Background and Aims: The newest addition in the management of achalasia and esophagogastric junction outflow obstruction (EGJOO) is a 30-mm hydrostatic balloon dilator that uses impedance planimetry technology. It allows for the measurement of the diameter and cross-sectional area to determine effective dilation. We aimed to (1) determine the clinical success (defined as a decrease in Eckardt score to ≤3) in the treatment of esophageal motility disorders and (2) report the safety (rate/severity of adverse events). Methods: This retrospective multicenter study involved 4 centers. Patients with esophageal motility disorders who underwent hydrostatic balloon dilation between January 2015 and October 2018 were included. Results: Fifty-one patients (mean age, 54.1 years; women, 49%) underwent hydrostatic dilation for achalasia (n = 37) or EGJOO (n = 14) during the study period. Forty-seven patients had a median baseline Eckardt score of 5 (range, 3-8; achalasia, n = 35, 6 [range, 3-8]; EGJOO, n = 12, 4 [range, 3.25-6.5]). Clinical success was achieved in 60% of cases (achalasia vs EGJOO: 68.4% vs 33.3%, P = .18). Dilation resulted in a significant decrease in the median Eckardt score from 5 (range, 3-8) to 1.5 (range, 1-4.75; P < .001). Patients with achalasia had a decrease in Eckardt score from 6 (range, 3-8) to 1 (range, 1-4; P < .001), whereas those with EGJOO experienced no significant change. One patient had mild postprocedure chest pain. Conclusions: The hydrostatic balloon dilator is a new tool in our armamentarium to treat esophageal motility disorders. This is the first multicenter study showing the device to be safe and moderately efficacious.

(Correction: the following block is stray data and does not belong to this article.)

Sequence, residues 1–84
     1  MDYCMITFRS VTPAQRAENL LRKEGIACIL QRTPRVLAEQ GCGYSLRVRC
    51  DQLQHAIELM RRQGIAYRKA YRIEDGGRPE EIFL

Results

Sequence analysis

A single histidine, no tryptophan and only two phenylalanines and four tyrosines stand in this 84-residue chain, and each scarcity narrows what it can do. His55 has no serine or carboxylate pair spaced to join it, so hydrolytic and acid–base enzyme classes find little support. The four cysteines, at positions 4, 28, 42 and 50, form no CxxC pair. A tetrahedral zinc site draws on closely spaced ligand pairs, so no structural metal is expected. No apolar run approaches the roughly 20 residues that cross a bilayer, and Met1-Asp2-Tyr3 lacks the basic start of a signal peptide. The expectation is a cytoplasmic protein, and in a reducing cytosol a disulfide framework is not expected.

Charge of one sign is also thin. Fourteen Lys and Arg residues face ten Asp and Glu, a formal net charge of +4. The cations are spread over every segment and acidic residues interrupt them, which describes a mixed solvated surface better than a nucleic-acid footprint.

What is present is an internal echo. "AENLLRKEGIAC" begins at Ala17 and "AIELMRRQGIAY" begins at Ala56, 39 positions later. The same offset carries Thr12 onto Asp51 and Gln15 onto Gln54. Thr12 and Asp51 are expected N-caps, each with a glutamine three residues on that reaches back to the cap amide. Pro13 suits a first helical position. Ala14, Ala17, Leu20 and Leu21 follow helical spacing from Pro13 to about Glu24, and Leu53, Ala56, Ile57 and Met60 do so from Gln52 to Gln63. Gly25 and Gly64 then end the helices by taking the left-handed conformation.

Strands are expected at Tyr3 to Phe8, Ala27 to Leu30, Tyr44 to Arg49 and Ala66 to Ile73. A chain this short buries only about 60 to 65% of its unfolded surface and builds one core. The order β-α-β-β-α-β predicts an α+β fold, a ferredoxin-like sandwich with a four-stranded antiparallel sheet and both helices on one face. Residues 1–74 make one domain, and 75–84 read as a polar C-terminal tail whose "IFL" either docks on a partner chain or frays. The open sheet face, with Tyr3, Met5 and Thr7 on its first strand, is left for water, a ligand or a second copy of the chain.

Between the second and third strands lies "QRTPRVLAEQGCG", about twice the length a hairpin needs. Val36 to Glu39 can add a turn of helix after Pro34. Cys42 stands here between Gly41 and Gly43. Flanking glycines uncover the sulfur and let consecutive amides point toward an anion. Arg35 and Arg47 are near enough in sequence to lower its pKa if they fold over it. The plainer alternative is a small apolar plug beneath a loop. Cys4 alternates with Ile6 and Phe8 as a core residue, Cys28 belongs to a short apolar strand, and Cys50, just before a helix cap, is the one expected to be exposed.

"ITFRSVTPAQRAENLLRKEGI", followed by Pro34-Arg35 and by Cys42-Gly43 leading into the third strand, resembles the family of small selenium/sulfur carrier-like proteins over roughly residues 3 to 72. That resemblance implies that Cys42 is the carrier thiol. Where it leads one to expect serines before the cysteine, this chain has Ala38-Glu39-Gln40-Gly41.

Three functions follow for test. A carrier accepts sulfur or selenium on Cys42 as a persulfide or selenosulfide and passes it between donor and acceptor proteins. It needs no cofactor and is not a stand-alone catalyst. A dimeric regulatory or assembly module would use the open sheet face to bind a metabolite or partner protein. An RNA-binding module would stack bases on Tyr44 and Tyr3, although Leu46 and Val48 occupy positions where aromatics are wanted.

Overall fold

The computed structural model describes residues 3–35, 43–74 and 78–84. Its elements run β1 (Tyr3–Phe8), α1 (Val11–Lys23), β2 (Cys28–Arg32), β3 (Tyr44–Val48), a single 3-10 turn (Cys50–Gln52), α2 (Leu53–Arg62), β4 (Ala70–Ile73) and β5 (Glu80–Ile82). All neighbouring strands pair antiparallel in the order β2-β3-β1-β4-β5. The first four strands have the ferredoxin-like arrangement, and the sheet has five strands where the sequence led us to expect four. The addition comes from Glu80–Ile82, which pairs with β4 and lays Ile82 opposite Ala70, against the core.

ASJC Scopus subject areas
- Radiology Nuclear Medicine and imaging